August 3, 1940 – November 1, 1982
|Birthplace||New York, NY|
Ray Draper was born into a musical family on August 3, 1940, in New York City. His father, Barclay, played trumpet with name bands and recorded with Jelly Roll Morton, and his mother was a concert pianist. Ray went to the High School Of Performing Arts, for which he auditioned on tuba. His goal was always to make the tuba a recognized solo jazz instrument. As Nat Hentoff wrote, "He blows the hottest modern jazz tuba I've yet heard." At the young age of 16, on February 8, 1957, Ray made his first jazz recording session ("Jackie McLean & Co") for Prestige Records, for which he also arranged one of his own originals.
A little over a month later, on March 15, 1957 (still at 16) he recorded his first leader date, also for Prestige ("Tuba Sounds"/Ray Draper Quintet). He wrote two originals for that recording. Just a few months later, on July 12, he recorded again for Prestige. This session was recorded under Ray's name, but the three tracks recorded on that session (with one original by Ray) were combined with two tracks from an earlier Jackie McLean session to create the McLean album "Strange Blues."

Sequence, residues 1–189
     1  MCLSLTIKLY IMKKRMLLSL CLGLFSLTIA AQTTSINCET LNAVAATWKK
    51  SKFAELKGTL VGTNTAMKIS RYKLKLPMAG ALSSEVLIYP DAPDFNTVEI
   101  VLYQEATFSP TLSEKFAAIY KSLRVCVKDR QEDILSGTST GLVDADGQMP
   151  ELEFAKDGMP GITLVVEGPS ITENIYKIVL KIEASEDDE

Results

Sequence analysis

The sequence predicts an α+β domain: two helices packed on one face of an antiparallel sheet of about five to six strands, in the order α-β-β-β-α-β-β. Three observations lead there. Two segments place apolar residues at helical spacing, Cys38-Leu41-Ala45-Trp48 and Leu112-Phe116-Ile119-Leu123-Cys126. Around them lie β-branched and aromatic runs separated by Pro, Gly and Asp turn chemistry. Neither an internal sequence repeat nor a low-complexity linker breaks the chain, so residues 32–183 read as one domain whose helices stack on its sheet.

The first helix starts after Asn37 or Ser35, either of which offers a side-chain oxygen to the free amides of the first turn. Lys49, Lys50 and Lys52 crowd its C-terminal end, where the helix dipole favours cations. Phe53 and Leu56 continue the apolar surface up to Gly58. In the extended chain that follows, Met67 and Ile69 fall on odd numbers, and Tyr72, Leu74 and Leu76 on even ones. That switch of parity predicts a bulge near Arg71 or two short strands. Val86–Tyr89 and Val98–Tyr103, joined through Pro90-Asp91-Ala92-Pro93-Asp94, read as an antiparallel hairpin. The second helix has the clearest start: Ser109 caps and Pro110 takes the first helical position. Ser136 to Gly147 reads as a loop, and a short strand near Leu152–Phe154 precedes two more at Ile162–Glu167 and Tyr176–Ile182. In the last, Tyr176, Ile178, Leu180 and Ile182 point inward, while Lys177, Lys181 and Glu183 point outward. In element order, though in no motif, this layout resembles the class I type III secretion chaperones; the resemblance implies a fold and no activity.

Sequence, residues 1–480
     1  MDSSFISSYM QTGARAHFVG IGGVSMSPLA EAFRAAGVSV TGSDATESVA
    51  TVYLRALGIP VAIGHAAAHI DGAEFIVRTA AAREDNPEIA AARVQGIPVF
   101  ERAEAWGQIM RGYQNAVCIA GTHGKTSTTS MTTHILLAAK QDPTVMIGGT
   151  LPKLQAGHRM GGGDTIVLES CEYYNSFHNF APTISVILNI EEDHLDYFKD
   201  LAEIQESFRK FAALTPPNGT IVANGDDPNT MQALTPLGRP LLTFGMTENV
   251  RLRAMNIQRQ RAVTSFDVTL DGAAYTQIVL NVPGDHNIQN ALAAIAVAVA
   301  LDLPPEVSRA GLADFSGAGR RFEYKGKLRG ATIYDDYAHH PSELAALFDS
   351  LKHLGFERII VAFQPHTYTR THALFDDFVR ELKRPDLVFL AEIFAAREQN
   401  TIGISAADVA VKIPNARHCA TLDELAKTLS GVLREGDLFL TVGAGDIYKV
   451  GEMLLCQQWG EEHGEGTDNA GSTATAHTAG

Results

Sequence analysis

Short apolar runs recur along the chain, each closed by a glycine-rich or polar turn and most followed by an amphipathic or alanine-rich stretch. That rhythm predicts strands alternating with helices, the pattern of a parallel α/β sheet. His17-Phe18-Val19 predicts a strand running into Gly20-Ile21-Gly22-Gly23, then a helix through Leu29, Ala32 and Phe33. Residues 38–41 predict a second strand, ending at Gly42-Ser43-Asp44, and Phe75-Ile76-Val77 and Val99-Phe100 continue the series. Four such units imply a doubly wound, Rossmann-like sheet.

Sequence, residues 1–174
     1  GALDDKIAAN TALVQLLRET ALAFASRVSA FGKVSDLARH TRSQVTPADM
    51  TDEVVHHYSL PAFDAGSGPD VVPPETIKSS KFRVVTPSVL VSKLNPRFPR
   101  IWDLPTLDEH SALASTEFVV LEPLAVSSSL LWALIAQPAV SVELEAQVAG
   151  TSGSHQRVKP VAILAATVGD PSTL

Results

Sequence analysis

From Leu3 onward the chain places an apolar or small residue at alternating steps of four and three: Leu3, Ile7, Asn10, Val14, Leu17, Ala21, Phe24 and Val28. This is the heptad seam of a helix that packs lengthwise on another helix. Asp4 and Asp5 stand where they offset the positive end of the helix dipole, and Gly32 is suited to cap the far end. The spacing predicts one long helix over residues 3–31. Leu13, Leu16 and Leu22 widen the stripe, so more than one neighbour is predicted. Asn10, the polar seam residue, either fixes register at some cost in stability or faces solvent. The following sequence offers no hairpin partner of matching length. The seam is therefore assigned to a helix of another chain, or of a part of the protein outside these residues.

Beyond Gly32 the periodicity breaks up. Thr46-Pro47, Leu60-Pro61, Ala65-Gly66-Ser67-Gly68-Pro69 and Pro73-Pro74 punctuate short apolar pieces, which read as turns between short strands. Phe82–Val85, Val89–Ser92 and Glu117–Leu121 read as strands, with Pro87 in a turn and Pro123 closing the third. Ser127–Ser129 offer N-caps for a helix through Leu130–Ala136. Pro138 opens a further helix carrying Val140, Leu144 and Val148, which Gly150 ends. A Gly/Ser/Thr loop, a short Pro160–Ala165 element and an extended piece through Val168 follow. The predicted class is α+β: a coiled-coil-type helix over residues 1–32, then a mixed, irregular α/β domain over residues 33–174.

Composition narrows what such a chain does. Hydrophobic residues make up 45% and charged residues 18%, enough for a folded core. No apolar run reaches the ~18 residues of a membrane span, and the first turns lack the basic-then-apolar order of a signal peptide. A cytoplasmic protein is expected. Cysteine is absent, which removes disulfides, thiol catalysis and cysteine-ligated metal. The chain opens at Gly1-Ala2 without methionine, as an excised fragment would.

Later that year, the now-17 year-old Ray recorded a fourth album—this time featuring John Coltrane, a major achievement for the young tubaist. This also helped launch Ray as a composer, since the new quintet recorded his composition Filide. Filide was also recorded just a few days later (December 27th, 1957) on Jackie McLean’s “Fat Jazz” session for Jubilee records.
In early 1958 he joined Max Roach. Max's new piano-less quintet, with Ray on tuba, made their recording debut for EmArcy Records at the Newport Jazz Festival on July 6, 1958. On November 25, 1959, Ray recorded his last session with Max's group ("Award Winning Drummer" for Time Records).
In the summer of 1964, Ray formed a group in LA with Philly Joe Jones, but he was otherwise inactive during the majority of the decade. In the late 1960s, Ray returned with the first jazz fusion group that was comprised of already established jazz musicians of the day. This group was named “Red Beans And Rice” and went on to substantial success, eventually sharing the bill with headlining acts like Jimi Hendrix and Jethro Tull. In his later years, Ray devoted himself to composition, freelancing, and teaching youth groups in the New York area.